This article is part of a series in the lead up to India’s first match at the World Cup. India at the World Cup will explore India’s highs and lows over the years in cricket’s premier tournament.
We all remember the 2007 World Cup in West Indies, right? India lost their first game to Bangladesh and then the second one to Sri Lanka in a do-or-die match and crashed out of the World Cup in the very first round.
MS Dhoni scored ducks in both those matches.
When he, along with the members of that squad returned to India, they were chased by the media throughout the country as angry mobs hounded them wherever they went.
When we landed, we had to get out in a police van… And, you know, media cars around us with their cameras and the big lights on top, it felt as if we had committed a big crime, maybe like a murderer or terrorist or something. We were actually chased by them.
Dhoni’s house, which was under construction in Ranchi at the time, was pelted with stones in the aftermath of the exit.
A few months later, Dhoni was named the captain of the Indian ODI side and his young team went on to become the first ever World T20 champions.
Sure, that was cool but it wasn’t good enough, was it? Not for us and definitely not for MS Dhoni.
MS Dhoni had about 4 years to build a team and prepare them for the World Cup at home.
In these 4 years, the team under his leadership achieved wonders. They won everywhere they played and MS Dhoni became recognised as the greatest finisher the world had ever seen.
The long hair had gone, as had his reputation of being a reckless aggressor. By the time 2011 came, Dhoni was an entirely different batsman. He had made that number 7 spot his own. He could bat against any attack on any pitch in any circumstances.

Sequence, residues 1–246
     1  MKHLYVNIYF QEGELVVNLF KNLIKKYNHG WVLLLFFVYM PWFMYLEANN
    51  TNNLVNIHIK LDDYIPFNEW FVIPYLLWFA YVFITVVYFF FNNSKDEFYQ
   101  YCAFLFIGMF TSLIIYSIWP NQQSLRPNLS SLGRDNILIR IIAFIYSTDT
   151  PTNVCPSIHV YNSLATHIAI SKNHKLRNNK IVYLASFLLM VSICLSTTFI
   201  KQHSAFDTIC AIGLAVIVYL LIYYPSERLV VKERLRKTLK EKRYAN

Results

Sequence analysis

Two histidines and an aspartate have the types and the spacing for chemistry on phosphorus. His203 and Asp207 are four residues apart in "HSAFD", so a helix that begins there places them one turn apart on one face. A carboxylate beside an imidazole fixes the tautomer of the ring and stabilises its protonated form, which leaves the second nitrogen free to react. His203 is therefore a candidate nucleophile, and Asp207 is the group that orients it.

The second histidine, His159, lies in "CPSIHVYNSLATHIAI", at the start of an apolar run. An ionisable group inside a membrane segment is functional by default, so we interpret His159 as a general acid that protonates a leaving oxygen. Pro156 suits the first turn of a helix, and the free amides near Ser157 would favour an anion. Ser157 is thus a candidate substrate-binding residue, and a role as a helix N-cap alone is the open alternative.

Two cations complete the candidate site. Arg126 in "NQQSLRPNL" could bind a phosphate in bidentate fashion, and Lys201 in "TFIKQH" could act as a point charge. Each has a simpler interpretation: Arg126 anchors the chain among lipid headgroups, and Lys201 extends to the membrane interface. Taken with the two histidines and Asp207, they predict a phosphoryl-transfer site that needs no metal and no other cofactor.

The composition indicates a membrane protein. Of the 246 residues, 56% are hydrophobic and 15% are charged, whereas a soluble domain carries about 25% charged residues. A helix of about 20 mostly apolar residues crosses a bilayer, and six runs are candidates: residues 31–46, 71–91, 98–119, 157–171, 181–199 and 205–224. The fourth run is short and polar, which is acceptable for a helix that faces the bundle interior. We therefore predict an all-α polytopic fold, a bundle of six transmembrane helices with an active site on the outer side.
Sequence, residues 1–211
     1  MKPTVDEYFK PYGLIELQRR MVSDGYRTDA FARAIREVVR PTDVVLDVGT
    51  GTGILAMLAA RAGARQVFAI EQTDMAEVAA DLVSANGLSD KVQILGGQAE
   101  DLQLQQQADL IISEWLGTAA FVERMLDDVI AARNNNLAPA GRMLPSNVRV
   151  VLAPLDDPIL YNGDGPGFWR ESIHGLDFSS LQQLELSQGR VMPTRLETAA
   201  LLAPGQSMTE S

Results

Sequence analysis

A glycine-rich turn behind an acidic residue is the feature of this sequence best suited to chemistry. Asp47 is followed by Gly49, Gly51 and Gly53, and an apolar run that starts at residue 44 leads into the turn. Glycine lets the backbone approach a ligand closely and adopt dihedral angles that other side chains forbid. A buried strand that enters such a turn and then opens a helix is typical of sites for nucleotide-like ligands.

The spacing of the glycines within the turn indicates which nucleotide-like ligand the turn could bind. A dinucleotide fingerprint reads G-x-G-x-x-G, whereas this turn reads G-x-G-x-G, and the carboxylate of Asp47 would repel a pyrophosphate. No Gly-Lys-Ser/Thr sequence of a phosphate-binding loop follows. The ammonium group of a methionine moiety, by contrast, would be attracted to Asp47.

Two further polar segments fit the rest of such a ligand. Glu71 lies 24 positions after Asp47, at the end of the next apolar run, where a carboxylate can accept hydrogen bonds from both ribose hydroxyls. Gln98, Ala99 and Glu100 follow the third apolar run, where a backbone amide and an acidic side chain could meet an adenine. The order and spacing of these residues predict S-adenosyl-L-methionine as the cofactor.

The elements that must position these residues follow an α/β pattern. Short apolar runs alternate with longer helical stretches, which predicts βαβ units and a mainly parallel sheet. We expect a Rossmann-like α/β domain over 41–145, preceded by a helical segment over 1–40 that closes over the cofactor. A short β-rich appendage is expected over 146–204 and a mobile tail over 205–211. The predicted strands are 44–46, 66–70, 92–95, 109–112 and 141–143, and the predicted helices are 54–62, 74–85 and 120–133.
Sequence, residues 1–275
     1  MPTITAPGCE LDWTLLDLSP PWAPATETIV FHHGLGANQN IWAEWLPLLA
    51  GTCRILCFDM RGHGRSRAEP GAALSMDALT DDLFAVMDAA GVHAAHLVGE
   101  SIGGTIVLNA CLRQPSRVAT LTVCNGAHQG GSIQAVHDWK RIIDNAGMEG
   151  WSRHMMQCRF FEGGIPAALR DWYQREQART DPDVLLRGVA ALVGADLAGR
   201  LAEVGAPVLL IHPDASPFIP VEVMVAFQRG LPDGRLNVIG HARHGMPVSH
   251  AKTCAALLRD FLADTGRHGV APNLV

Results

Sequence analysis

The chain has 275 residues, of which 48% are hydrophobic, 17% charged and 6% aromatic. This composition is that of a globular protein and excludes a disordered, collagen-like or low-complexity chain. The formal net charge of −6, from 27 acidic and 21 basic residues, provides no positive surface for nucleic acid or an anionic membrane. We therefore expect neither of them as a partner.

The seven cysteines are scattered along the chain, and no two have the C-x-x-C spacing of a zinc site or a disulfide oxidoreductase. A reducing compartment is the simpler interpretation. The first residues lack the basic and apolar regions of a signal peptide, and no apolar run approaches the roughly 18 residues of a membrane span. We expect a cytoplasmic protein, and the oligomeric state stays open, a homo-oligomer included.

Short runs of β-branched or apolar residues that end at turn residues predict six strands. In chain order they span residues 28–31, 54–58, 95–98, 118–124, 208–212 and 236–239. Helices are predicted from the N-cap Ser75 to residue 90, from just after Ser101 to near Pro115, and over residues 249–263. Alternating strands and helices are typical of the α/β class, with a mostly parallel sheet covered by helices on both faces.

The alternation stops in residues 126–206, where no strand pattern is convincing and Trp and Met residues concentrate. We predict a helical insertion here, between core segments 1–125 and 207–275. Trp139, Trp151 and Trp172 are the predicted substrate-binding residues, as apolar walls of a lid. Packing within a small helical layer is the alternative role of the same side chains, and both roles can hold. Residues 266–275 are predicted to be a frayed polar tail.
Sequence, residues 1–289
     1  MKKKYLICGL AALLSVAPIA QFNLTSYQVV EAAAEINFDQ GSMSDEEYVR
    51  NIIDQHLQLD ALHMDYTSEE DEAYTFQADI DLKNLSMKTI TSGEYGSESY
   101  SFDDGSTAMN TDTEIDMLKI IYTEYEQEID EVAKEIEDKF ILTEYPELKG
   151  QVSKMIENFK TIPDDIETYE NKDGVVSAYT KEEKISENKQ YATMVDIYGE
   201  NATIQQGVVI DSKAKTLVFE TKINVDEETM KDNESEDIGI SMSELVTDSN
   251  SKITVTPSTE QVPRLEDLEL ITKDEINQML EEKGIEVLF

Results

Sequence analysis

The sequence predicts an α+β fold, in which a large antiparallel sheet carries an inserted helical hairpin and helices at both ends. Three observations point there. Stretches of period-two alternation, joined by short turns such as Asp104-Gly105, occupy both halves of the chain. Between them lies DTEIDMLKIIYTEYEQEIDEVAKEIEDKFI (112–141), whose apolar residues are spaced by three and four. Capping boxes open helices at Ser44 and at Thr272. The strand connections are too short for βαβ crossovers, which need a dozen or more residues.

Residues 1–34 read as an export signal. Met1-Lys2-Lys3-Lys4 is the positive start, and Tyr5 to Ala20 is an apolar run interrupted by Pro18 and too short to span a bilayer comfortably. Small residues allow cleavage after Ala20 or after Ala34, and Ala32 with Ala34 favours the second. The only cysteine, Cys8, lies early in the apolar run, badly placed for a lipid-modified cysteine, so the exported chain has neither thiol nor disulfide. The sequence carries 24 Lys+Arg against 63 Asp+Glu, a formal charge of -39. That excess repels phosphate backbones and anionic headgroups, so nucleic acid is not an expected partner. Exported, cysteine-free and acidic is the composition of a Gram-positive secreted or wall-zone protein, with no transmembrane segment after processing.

He understood his game, took his time and scored runs however the game required him to.
More than anything, MS Dhoni made sure that he was at the end to finish the game. He made sure that it wasn’t left to the batsman after him to see the game off.
We all know how the Indian batting line up is prone to falling like a pack of cards. MSD made sure that wasn’t the case anymore.
Following the World Cup debacle in 2007, MSD scored more than a 1000 runs every year until 2010.
2010 was the year, his form took a hit. And it was the absolute worst time for that to happen. With the World Cup so close, India needed their main man to perform.
Sure they had a plethora of legends on the team but they needed Dhoni at number 7 to perform, to finish the game, to rescue the team when it was in trouble.
But in 2010, MSD scored only 600 runs at an average of 46.15 and a strike rate of 78.95.
Not so bad, was it? Well, to give you some perspective, this was his worst year in terms of runs, strike rate and average in an 8-year period between 2007 to 2015. Go figure.
So walking into the World Cup, MS Dhoni wasn’t the pillar the team needed him to be.
In the 8 matches before the World Cup final in Mumbai, Dhoni had scored 150 runs with a strike rate of 69.4 at an average of 21.42.
As a result, India had suffered from multiple batting collapses. Even against teams like Ireland and Netherlands, Dhoni was visibly struggling. He either played too many dot balls or got out before making any kind of impact at all.
Perhaps, it was the curse of the World Cup.
So it came as a surprise to many to see him bat at number 4 in the final, ahead of an in-form Yuvraj Singh against a rampaging Muttiah Muralidharan.
None of us knew why he did that. We were only hoping that he knew. And he did.
In a matter of 79 balls, MS Dhoni had managed to wash away the memory of the dejected Indian dressing room of 2007, one that broke our hearts every time we saw it.